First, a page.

|Dev: Ready at Dawn|
|Release: September 13, 2011|
|Screen Resolution: 480p-1080p||Blood and Gore, Intense Violence, Nudity, Sexual Content|
by Matt Walker
The God of War series is considered by some to be the best thing to ever hit a Sony device, so it only makes sense that the PSP titles in the series eventually made their way onto the PS3. But does God of War: Origins Collection warrant the $40 dollar price tag?
The simple answer is yes, of course. The main reason is that you can now play all God of War titles (assuming you have also picked up the HD remastered versions of the PS2 hits) on one platform. I have nothing in particular against handhelds or previous gen systems, but when I can play the entirety of a series on a single device, it somehow satisfies the completionist inside me. Yes, I agree that having multiple version of one game can be a bit redundant, but there is just something about having that capability of having them all in one place.
God of War's protagonist Kratos has earned a reputation in the video game industry as perhaps the angriest person we have ever gotten the chance to play as. Of course, he has his reasons for being this angry: the death of his family, the gods taking a whizz on everything he cares for, and so on. Kratos is just angry, and everyone who has played the God of War games can attest that playing as this enraged hero can let you vicariously relieve some of your own pent-up rage. In God of War: Origins Collection, players will be able to release this rage in two full God of War games: Chains of Olympus and Ghost of Sparta.
The story of Chains of Olympus takes place during Kratos' ten-year service to the gods before the first God of War, and it does a fantastic job of filling in some of the story of the man he once was. It also delivers some great Easter eggs. However, the main problem I have with the Chains of Olympus half of this collection is that it looks a bit dated. This is not to say the port was done poorly, but there are more than a few models that did not transfer as well as they should have. It doesn't drastically affect the game's composition, but it may cause a few unwarranted chuckles at the facial expressions of Kratos and some of the supporting characters.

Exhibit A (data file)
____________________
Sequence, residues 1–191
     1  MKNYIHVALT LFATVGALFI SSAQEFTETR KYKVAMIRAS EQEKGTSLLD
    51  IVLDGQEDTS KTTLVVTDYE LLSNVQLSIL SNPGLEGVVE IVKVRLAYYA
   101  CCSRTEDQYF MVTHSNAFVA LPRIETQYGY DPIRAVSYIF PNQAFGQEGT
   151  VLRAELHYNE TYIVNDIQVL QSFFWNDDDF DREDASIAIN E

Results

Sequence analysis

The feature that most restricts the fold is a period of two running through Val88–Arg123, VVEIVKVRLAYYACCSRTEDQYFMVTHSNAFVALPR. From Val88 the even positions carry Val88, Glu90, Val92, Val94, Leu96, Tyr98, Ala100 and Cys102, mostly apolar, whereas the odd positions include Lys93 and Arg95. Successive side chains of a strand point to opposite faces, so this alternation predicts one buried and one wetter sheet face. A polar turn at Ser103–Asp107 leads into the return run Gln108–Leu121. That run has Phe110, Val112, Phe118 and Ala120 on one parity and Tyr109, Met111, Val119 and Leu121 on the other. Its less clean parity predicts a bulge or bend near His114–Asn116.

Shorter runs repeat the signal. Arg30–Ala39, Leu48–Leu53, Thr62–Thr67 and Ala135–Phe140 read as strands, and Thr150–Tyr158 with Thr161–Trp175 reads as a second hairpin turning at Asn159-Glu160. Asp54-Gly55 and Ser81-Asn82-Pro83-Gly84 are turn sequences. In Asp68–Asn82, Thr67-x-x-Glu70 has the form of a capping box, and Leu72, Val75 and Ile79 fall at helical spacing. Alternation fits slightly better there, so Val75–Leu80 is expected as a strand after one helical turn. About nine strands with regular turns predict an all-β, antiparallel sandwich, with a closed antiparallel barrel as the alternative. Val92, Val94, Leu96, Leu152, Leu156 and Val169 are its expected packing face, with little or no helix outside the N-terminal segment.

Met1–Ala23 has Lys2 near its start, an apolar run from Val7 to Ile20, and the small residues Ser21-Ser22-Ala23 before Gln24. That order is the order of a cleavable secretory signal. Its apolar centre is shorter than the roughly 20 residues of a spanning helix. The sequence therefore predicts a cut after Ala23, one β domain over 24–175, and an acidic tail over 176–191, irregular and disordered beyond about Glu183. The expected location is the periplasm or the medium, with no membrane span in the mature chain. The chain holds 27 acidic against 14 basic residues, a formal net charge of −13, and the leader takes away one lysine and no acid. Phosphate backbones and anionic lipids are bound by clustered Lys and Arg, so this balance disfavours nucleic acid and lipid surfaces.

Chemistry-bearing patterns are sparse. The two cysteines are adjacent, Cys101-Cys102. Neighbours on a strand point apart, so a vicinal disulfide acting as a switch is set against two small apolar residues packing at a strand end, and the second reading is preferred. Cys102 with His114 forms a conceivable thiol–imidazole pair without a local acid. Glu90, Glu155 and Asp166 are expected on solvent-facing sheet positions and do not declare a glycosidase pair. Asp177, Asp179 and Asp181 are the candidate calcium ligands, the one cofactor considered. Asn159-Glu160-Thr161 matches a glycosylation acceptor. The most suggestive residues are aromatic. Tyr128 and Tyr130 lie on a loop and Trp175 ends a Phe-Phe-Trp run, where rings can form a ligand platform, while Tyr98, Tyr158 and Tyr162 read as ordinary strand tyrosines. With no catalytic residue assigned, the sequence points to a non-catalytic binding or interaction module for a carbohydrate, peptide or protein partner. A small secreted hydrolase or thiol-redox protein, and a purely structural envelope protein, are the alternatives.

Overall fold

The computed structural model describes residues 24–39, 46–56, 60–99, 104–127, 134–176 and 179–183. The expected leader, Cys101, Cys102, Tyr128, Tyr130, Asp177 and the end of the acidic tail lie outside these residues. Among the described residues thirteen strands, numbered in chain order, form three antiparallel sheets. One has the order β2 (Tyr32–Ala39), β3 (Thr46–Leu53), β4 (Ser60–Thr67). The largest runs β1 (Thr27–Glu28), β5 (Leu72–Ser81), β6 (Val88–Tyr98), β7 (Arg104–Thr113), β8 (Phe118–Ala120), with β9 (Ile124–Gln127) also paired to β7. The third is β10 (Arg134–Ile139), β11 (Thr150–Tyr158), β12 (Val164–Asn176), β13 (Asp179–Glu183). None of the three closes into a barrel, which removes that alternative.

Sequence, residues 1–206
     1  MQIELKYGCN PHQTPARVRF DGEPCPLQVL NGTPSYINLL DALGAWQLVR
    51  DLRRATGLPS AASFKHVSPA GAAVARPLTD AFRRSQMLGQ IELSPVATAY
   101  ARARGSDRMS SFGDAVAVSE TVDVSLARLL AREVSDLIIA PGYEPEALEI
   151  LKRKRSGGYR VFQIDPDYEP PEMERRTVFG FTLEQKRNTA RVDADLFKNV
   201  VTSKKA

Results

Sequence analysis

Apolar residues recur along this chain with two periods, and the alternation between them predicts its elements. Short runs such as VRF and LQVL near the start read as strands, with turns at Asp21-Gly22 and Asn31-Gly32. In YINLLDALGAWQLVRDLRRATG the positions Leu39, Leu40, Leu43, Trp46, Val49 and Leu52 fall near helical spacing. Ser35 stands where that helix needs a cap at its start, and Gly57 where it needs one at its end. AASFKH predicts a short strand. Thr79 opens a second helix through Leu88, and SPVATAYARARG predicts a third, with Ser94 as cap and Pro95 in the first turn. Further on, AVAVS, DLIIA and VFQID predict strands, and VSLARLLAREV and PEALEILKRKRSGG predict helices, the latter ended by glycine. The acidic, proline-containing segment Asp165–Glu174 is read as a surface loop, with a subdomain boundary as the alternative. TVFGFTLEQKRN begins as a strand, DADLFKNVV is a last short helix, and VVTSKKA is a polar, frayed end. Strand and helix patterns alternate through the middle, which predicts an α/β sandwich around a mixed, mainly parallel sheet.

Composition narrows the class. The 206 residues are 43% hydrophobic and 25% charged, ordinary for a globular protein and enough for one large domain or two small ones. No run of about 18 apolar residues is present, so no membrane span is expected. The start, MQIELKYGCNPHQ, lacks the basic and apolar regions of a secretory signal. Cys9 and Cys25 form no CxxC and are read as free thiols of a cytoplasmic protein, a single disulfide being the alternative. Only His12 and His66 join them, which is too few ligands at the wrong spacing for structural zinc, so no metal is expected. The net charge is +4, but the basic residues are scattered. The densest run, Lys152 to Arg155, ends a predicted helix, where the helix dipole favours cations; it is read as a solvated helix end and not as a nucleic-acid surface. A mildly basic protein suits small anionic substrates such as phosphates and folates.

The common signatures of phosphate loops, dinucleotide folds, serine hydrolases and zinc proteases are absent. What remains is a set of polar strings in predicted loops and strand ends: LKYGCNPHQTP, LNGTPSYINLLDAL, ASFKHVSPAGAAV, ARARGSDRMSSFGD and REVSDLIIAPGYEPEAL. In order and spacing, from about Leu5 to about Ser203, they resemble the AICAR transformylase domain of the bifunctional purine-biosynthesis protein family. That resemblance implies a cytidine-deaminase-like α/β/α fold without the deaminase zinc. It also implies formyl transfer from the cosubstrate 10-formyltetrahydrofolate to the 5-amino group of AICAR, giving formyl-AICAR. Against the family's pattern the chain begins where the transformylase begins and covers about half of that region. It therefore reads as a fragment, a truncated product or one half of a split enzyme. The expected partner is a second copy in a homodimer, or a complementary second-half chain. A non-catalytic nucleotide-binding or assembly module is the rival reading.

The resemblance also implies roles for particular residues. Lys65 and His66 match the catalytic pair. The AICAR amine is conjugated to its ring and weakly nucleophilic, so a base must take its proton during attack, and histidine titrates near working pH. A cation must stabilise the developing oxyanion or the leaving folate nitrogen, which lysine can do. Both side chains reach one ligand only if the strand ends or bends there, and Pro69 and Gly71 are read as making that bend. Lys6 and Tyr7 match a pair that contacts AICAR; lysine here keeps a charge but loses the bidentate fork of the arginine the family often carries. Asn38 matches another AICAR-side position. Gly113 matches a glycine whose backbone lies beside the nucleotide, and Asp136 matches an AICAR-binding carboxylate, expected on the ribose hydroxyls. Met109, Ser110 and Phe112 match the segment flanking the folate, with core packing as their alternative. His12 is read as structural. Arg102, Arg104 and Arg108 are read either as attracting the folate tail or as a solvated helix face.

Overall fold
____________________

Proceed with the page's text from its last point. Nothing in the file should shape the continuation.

The other thing that hinders Chains of Olympus is that it doesn't really have the same vibe as recent titles in the series. Of course, this takes place before everything else, but should that excuse the slow pacing and heavy-handed puzzle-solving in the game?
I admit that I enjoyed it the first time around, and I enjoyed it once again with this upgrade, but some might feel this is the inferior God of War that was supposed to remain on the PSP. And this is definitely the lesser of the two titles available in the collection. However, it's still worth the playthrough if only to get a few extra pieces to the mythology of Kratos himself.
On the flipside of this, Ghost of Sparta delivers on nearly every aspect fans of the franchise have come to expect. It tells the angry tale of Kratos looking for his brother, who has been long thought dead. Ghost of Sparta is exactly what fans have come to expect when it comes to the God of War games: fast-paced, tons of action, giant monsters, unbelievably epic battles, and tons of rage. In this regard, Ghost of Sparta could stand toe-to-toe with God of War III on premise alone. It also translates well to HD. The colors are a bit muted in spots and the environments can come across flat at times, but this is a true triumph nonetheless.